Gambia’s defeated dictator Yahya Jammeh has agreed to cede power and leave the West African nation, a close aide to President Adama Barrow said.
An agreement has been reached and being finalized by the presidents of Mauritania and Guinea who are in Banjul in a last-minute diplomatic effort for Mr. Jammeh to hand over power.
Gambia’s President Adama Barrow had authorized West African forces to depose Jammeh. Military general halted their march towards the capital but said they will resume if negotiations failed Friday.
West African nations, including Senegal, have deployed troops in The Gambia – threatening to drive Mr. Jammeh out of office by force.
Red carpets laid for the departure of the departure of Guinea’s Alpha Conde and Mauritania’s Mohamed Ould Abdel Aziz were folded by soldier Friday evening, signs that they were not leaving.
Former President Yahya Jammeh is expected to leave Gambia on Saturday with Guinean and Mauritanian leaders. His destination is unknown.
Jammeh with his family had been offered asylum in Nigeria and Morocco, where he has assets and businesses. His wife, Zineb Jammeh is Moroccan.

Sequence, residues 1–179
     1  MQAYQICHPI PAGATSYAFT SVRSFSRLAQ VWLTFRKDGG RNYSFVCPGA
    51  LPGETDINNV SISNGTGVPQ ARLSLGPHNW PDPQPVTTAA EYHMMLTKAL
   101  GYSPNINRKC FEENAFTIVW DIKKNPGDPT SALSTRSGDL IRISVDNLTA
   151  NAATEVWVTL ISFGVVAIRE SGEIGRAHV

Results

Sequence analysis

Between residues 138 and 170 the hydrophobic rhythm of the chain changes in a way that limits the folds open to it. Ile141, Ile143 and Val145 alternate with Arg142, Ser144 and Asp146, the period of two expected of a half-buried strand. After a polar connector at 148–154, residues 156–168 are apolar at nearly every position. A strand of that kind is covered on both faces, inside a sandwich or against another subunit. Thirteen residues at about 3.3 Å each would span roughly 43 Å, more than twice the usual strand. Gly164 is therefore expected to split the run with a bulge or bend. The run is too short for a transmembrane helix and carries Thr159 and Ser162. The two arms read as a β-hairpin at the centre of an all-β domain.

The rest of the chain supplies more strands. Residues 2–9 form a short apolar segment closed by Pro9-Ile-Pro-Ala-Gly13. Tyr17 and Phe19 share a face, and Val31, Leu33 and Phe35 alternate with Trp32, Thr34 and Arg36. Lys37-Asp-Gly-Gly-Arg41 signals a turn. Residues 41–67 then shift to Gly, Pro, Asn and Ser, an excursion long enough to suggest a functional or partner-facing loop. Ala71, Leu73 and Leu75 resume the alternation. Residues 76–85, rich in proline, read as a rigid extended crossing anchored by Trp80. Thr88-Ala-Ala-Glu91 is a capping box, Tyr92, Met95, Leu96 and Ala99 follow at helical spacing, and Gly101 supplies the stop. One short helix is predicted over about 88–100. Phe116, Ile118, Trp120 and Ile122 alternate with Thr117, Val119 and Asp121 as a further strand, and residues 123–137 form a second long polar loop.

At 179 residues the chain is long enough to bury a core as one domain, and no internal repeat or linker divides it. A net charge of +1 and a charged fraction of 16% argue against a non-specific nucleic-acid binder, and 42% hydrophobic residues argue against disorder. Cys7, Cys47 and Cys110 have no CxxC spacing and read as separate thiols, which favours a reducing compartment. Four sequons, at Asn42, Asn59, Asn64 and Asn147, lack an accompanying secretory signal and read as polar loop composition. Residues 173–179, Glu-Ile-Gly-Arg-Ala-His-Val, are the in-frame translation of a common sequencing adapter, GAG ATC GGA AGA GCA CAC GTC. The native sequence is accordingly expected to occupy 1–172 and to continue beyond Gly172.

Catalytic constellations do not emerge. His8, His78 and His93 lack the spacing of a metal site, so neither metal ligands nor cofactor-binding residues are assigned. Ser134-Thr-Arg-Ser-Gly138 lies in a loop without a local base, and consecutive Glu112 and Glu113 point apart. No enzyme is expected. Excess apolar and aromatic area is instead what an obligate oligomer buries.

President Yahya Jammeh is unpredictable and unreliable. He may wake up to rescind his decision as he did a week after he initially conceded defeat.
Jammeh, however, is not in the position to really negotiate losing leverage. His security chiefs including the military chief pledged their loyalty to Mr. Barrow.
Mr. Barrow has been in neighboring Senegal for days. He was sworn in at the Gambian embassy there on Thursday.
Celebrations erupted in Banjul, meanwhile, where tensions have run high especially since the declaration of a state of emergency by Jammeh made on Tuesday.
At least 46,000 people have fled Gambia for Senegal since the start of the crisis fearing unrest, the UN’s refugee agency UNHCR said, citing Senegalese government figures.
But Jammeh’s allies have deserted in their droves – at least eight ministers have so far resigned of whom four quit in the past 48 hours – and it is unclear how many of his own armed forces will be willing to defend him once his mandate expires.
Gambia is one of Africa’s smallest countries and has had just two rulers since independence in 1965.
(Reporting and Writing by Sam Phatey; Additional Reporting from Aljazeera, BBC, Reuters, AFP)